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Source: Sinn Féin

6 August, 2020 – by Brian Stanley TD

Sinn Féin TD and the Chair of the Public Accounts Committee Brian Stanley has expressed concern at the cost to the taxpayer of Public Private Partnerships.
Deputy Stanley was speaking following a response to his parliamentary question, which outlined that €256.9m was spent on PPPs in 2019.
The PPP model has been criticised by numerous bodies, including the European Court of Auditors, for not delivering value for taxpayers’ money and being inefficient at delivering projects on time and within budget.
Speaking today, Deputy Stanley said: “It is alarming to see that almost €260m was spent on PPPs last year. This is a model which has been shown to waste taxpayers’ money.
“Whether it is in the Education, Health or Transport, the PPP model has been proven to be inefficient with public money and to lack proper transparency.
“The answer to the PQ which I have received outlines that a total of €98.3m was spent on transport infrastructure, €75m on education and €35m on courts in the Justice sector.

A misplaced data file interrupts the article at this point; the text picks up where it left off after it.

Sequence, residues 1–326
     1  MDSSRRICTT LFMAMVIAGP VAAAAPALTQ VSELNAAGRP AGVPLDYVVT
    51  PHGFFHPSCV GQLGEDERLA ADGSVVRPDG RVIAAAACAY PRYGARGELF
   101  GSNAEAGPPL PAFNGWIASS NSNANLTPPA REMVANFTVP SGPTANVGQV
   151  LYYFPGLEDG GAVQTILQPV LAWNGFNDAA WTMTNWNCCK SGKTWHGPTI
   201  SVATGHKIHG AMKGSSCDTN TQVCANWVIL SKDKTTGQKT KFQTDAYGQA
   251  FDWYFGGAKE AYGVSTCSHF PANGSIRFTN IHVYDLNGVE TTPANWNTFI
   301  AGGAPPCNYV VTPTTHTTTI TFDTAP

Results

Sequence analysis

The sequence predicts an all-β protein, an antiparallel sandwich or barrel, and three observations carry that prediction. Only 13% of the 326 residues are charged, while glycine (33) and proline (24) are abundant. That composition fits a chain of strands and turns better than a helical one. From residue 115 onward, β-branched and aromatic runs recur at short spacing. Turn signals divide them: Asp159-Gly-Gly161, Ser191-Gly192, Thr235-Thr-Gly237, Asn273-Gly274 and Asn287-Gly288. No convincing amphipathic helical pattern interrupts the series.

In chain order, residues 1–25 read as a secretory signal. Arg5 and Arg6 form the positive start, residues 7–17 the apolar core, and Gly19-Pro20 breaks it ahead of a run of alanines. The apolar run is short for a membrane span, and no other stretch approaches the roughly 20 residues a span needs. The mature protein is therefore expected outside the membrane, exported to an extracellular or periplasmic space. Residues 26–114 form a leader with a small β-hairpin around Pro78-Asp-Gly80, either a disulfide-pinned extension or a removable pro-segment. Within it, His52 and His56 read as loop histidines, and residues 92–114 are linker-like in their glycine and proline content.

“These are substantial sums of money which are being funnelled into private companies and the taxpayer is seeing very little value for money.
“For example, the National Convention Centre received a total of €24.1m last year and despite this huge investment, we have had to rent out the very same building at a cost of €25,000 a day for Dáil sittings – it is farcical.
“What is equally frustrating is a reluctance upon successive governments to move away from the PPP model.
“The National Children’s Hospital, at €2b, is already set to be the most expensive hospital in the world, and the final cost to the state has yet to be confirmed.
“The National Broadband Plan has already cost €13.5m of taxpayers’ money in 2020 with a further €3b committed over 25 years – a particularly dreadful PPP which doesn’t even return the infrastructure to state-ownership after the contract.
“As Chair of PAC, I will work to ensure that we hold these PPPs to account, and that we see the greatest level of oversight and transparency possible.”

MIL OSI United Kingdom